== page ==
We don’t recommend that you give your dog pumpkin pie to eat unless it is made with plain pureed pumpkin instead of pumpkin pie filling. Even in that case, pies are usually made with pie crusts that use flour and butter/lard so they feature a lot of fat and calories.
Giving your dog a piece of plain pumpkin pie made from pureed pumpkin occasionally isn’t the end of the world. Even if you give your dog a small piece of regular pumpkin pie (preferably without nutmeg), it won’t be terribly harmful as long as you only do it once in a while.
Just remember that pumpkin pie does contain a lot of sugar and fattening ingredients so it’s not a very healthy treat for your dog. This is especially true if your dog is diabetic or overweight/obese.
Too much sugar can affect your dog’s heart, kidneys, liver, pancreas, and other organs.
There are lots of recipes. These dog-friendly recipes would be a better choice for your dog than pumpkin pie.
What about Pumpkin and Dogs?
Pumpkin is great for your dog. People have been using small amounts of pumpkin as a home remedy for diarrhea and constipation in dogs for generations. While that might not seem to make sense, it’s because pumpkin is a source of fiber.
For dogs, pumpkin is loaded with fiber, beta-carotene, and B vitamins. It helps with digestion and even with anal gland health. It’s also a prebiotic that helps with beneficial gut bacteria. Vitamin A and zinc help with skin and coat health. And it’s low in calories.
Sweet and delicious pumpkin is packed with an impressive list of macronutrients, micronutrients, phytonutrients, and antioxidants, including dietary fiber, vitamin C, beta carotene, vitamin A, iron, and potassium.
What If Your Dog Eats Some Pumpkin Pie Filling?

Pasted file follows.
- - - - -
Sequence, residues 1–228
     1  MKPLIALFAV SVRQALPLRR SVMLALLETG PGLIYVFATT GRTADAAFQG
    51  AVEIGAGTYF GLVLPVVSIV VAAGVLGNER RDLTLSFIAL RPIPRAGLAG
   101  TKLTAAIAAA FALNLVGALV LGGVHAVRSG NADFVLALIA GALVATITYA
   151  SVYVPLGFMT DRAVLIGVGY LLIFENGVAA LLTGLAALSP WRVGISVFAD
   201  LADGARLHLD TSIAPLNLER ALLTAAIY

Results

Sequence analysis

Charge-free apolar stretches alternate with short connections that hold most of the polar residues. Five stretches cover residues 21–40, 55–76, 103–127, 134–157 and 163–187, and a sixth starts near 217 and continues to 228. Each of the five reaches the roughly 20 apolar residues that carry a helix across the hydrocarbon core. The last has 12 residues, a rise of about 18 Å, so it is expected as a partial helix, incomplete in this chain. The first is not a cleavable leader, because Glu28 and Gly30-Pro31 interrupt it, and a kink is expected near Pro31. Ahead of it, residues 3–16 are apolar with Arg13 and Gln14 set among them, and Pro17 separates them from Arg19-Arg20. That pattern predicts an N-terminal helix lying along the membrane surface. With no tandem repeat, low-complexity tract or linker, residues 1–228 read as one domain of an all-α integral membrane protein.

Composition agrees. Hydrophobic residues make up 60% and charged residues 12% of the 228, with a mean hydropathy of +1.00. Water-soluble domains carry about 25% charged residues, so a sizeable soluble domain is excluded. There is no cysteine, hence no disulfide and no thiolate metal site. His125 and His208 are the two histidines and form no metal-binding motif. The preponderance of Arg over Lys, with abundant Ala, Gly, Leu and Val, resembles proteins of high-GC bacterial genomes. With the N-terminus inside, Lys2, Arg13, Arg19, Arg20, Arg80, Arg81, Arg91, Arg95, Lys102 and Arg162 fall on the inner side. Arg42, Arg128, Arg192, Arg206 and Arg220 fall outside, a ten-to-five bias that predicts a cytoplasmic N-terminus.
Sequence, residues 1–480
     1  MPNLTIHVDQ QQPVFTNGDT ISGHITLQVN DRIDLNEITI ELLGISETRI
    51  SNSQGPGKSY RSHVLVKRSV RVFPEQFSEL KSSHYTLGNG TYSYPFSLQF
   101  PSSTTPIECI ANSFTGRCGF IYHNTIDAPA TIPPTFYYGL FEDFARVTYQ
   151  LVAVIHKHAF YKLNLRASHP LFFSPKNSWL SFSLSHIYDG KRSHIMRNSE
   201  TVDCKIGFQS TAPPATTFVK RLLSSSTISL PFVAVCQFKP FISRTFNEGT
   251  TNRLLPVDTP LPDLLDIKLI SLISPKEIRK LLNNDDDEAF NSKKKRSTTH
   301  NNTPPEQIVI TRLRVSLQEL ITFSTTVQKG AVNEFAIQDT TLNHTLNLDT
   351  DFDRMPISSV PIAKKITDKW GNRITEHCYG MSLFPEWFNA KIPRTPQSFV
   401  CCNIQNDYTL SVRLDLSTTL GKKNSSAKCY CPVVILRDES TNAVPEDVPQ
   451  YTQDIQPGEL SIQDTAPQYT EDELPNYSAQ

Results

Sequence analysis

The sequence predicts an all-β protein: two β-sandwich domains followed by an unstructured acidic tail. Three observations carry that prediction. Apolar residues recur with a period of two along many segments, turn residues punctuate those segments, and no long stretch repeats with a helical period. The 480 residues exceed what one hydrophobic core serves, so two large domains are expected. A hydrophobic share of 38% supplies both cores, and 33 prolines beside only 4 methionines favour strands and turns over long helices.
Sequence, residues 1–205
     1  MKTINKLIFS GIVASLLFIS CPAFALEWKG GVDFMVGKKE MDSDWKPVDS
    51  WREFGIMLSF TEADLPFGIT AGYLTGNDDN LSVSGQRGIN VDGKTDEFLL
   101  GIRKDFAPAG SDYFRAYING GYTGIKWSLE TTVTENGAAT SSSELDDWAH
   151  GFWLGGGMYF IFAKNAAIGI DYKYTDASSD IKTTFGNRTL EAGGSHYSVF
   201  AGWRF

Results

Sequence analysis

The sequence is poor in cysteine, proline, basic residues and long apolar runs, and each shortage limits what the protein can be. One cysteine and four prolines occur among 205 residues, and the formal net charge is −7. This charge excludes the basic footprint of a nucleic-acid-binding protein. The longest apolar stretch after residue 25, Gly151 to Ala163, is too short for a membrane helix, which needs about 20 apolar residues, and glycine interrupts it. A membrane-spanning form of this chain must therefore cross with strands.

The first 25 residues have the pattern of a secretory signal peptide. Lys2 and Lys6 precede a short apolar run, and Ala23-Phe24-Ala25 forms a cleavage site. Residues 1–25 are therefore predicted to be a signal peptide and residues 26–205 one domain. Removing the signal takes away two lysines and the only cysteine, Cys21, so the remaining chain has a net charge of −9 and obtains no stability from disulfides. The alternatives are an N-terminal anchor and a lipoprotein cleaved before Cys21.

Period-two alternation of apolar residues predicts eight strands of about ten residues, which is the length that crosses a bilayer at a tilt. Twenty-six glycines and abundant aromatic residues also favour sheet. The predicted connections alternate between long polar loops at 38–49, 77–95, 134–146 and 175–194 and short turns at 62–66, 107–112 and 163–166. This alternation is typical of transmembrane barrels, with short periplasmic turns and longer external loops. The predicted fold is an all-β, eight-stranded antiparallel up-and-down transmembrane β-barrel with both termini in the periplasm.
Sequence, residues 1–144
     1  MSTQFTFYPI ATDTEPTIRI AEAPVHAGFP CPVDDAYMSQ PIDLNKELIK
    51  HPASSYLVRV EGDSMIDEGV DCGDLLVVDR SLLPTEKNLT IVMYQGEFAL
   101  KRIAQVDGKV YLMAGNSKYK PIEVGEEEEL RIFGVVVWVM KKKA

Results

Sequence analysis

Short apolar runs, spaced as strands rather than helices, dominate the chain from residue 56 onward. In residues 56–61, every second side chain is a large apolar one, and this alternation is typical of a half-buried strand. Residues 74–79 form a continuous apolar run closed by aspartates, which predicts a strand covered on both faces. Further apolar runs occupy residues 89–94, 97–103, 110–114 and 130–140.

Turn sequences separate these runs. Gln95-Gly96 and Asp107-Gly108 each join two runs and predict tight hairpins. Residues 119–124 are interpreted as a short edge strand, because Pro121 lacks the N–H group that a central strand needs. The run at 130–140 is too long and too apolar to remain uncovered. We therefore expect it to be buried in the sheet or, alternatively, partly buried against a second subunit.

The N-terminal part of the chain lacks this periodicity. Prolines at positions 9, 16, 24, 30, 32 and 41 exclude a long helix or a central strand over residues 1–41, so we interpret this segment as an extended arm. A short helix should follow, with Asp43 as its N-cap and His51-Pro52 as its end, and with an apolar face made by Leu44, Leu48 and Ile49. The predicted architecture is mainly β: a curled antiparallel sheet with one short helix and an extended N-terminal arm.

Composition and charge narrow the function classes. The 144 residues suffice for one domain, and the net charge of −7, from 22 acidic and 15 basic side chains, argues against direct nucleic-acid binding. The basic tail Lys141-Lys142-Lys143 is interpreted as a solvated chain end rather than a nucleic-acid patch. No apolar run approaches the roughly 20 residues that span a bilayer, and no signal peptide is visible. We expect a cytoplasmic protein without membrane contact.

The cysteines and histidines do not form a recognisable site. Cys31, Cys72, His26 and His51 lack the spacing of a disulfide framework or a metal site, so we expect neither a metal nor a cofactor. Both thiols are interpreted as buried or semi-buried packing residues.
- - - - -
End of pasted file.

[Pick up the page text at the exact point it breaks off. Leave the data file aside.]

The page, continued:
If your dog steals some pumpkin pie from your dish it probably won’t do him any harm. The tiny amount of nutmeg in a stolen piece of pie won’t hurt your dog.
However, if your Toy dog manages to eat an entire pumpkin pie, that likely requires a trip to the veterinarian. Not only could the nutmeg be a concern but the amount of sugar and fat in the pie could easily make your dog sick.
If your dog does steal some pie and you are worried about him, watch for these symptoms:
- Crying or whimpering
If your dog eats pumpkin pie filling, some degree of upset stomach can be normal. However, if it continues for more than an hour or two, contact your veterinarian.
How Often Can You Give Your Dog Pumpkin Pie?
It’s best that you don’t give your dog pumpkin pie or pumpkin pie filling at all.
If you want to give your dog some pumpkin, use plain pureed pumpkin. You can buy pureed pumpkin in cans in the supermarket. It’s located in the same aisle as the pumpkin pie filling so it’s easy to get them confused.
You can also buy a pumpkin to give some of the pulp to your dog. To do this, you can cut the pumpkin in half and roast the halves slowly in your oven. When the pulp is tender, scoop it out and let it cool. It should be soft. You can use this pulp in recipes or give small amounts to your dog. Freeze it and it will keep.
Dogs usually love pumpkin as much as we do but spices such as nutmeg can be a problem for them. It’s best not to share pumpkin pie with your dog if it contains any spices. If you would like to give your dog any pumpkin, buy plain pureed pumpkin.